Once the 1917 Constitution was enacted, several private individuals protested against Article 27 to protect their economic interests, as was the case with The Texas Company of Mexico. In the following article, learn about their actions and the Mexican State's response to such a situation.
One of the results of the Mexican Revolution was the passing of the 1917 Constitution. This document not only dealt with social and political problems but also economic ones. For example, Article 27 of the Constitution made sure that Mexico had full control over natural resources like oil.
Most foreign oil businessmen saw the 1917 Constitution as a great threat to their interests. This led to the creation of a group of people who didn't agree with nationalizing Mexican oil. Their goal was to protect their interests from what they thought would be the bad effects of nationalizing Mexican oil.
The oil company, The Texas Company of Mexico, S.A., was one of the reactionary groups. It was a foreign-owned company that merged in Mexico a month after the Constitution of 1917 was signed. This gave it the right to use some oil lots in Veracruz under the old Porfirian law.
In one of the letters between the legal representative of The Texas Company of Mexico and the Ministry of Industry, Commerce, and Labor, the nationalization of the oil proposed by the application of Article 27 was questioned. This was because it would mean that the law would apply to rights gained under the mining law of November 25, 1909, and the Mining Code of 1884, which said that the private owner of the land was the owner of all the minerals on the land.
Likewise, the foreign company stated that applying such retroactivity to the law meant a contradiction of the same principles outlined in the 1917 Constitution since Article 14 established the following: "No law shall be given retroactive effect to the detriment of any person." So, making Article 27 apply to the past meant that the owners and lessees of the oil lands had their private rights broken.
The foreign company was sure that the new constitutionalist government would not apply the law retroactively and would respect the rights gained under the Porfirian laws. However, this did not happen because President Venustiano Carranza became more extreme at the time he interpreted and enforced Article 27 to give oil concessions.
Thus, in 1920, Venustiano Carranza granted a series of concessions to Mr. Rafael Cortina on the Zacamixtle lands in the municipality of Tancoco, Veracruz, which belonged to the Texan company, as they had been denounced by Cortina as uninhabited wells based on the decrees issued by Carranza in 1918. So, he was able to get the permissions he needed to look for and use them.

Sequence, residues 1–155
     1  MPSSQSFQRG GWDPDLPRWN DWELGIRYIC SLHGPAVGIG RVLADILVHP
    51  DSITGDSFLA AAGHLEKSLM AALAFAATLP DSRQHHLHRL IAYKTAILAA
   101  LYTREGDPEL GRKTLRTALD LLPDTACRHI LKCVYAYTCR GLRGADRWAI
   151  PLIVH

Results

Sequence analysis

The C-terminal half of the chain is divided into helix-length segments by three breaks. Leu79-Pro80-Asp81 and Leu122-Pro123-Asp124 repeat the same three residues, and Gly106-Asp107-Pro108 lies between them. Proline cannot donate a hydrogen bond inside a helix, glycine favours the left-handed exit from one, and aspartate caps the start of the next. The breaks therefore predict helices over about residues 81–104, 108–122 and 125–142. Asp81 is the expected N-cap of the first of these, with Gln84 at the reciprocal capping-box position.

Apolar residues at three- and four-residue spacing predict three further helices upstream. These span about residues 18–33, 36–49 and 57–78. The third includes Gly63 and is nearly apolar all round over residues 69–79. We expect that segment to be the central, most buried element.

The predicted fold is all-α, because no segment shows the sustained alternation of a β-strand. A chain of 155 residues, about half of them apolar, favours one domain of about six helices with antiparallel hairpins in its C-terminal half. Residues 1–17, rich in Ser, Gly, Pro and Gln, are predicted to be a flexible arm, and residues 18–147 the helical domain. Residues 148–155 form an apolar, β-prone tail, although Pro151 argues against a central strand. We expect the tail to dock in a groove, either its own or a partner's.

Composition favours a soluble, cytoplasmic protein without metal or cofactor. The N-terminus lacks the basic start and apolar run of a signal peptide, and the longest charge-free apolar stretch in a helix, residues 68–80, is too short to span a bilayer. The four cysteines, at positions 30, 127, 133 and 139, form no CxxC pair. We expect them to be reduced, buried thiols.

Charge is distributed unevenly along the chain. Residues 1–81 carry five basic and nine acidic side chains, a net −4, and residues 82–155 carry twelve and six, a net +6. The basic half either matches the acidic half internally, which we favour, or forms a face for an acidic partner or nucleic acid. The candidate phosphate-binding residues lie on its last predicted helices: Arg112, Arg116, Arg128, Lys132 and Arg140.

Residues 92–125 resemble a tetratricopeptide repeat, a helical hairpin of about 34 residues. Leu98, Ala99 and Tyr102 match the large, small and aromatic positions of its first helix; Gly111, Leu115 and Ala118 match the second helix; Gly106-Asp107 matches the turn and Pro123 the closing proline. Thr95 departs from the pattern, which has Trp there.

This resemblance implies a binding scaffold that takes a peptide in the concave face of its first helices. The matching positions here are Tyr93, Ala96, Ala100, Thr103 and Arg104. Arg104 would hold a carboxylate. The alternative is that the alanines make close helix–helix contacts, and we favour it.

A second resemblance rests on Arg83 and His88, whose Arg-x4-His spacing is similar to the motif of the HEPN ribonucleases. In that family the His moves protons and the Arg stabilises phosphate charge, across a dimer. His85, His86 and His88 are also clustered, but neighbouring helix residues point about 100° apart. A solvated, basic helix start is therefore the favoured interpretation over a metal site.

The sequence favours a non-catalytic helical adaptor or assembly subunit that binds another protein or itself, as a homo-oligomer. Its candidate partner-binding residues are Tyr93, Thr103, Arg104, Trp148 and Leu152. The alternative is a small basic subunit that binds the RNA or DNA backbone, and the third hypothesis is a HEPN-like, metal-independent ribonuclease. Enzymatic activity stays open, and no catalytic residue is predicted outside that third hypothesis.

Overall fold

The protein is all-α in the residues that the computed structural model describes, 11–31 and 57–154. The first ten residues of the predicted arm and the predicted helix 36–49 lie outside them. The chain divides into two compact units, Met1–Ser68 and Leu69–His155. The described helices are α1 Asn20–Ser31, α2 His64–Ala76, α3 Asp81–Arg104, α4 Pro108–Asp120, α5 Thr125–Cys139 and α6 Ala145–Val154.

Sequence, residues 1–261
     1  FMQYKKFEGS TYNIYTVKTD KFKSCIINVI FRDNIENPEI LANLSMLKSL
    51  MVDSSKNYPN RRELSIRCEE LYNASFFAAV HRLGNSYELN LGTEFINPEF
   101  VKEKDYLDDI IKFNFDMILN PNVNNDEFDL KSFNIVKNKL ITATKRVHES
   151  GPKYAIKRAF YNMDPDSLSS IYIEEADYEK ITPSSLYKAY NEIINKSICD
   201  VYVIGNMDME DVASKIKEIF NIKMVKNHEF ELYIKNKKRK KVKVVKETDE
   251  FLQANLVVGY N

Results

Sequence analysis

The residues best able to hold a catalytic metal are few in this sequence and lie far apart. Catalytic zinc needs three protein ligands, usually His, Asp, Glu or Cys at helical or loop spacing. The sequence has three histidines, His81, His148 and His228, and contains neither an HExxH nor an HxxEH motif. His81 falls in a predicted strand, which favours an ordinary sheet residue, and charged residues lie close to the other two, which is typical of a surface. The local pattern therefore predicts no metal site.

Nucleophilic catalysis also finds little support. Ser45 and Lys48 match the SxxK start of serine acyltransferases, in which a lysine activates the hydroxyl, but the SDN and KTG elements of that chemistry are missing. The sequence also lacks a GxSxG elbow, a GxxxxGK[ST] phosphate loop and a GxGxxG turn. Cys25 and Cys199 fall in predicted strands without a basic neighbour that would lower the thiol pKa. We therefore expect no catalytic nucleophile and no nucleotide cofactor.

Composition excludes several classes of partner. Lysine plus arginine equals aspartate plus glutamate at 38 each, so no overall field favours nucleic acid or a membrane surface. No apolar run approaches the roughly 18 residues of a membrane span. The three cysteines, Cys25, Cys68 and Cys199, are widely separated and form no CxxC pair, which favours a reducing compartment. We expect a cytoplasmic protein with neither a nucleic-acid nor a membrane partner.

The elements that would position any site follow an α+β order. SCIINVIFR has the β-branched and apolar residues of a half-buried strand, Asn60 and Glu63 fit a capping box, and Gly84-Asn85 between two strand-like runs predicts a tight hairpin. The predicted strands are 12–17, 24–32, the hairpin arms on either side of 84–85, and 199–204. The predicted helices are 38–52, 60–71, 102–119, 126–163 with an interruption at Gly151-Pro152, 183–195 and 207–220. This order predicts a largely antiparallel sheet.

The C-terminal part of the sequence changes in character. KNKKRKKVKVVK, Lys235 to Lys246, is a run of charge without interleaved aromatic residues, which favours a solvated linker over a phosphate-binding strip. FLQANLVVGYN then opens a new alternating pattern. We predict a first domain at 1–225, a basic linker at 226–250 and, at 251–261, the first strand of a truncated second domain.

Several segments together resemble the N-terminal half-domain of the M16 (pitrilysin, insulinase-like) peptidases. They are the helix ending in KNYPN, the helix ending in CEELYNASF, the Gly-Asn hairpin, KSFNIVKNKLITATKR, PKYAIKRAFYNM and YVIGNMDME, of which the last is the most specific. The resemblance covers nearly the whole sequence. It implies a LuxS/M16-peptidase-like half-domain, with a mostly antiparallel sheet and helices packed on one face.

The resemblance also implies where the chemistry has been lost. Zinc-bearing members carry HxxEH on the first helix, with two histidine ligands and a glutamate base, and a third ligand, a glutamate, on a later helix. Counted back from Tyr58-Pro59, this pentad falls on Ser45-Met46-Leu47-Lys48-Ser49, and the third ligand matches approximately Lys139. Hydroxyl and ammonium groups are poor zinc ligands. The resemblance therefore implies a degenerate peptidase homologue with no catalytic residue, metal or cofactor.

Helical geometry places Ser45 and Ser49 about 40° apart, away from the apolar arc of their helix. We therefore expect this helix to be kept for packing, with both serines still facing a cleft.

The Texas Company of Mexico proceeded to file an injunction to stop the acts of the President of the Republic before the Supreme Court of Justice for these actions, but it was denied. But in September 1921, the Supreme Court of Justice talked about and looked into it again, especially the question of whether Article 27 and Venustiano Carranza's decrees from 1918 about taxes and rules for using oil funds were still in effect.
After a lot of thought, the Supreme Court of Justice decided that Venustiano Carranza's decrees on oil matters did not violate Article 14 of the Constitution, even though they went back in time. This was because a retroactive decree or law was only against the law for judges and courts but not for the Legislature, which had given the President of the Republic special powers to make decrees like these.
On the other hand, Article 27 of the Constitution could not be considered retroactive, "neither by its letter nor by its spirit," since it did not violate acquired rights. Because of this, the Supreme Court of Justice ruled against nationalizing oil and its derivatives, but this did not change the legal rights that people had before May 1, 1917, when the current Constitution went into effect.
With this ruling, the Supreme Court of Justice recognized the particular rights that The Texas Company of Mexico had over the Zacamixtle lands and, therefore, the non-retroactivity of Article 27 of the Constitution and any other decree on such rights. Unfortunately, this was not the only case of a foreign oil company demonstrating and proceeding legally against the application of the 1917 Constitution; in the vast majority of cases, an award favorable to private interests was issued. The Mexican government didn't claim ownership of all the oil in the Mexican subsoil until the just and necessary oil expropriation.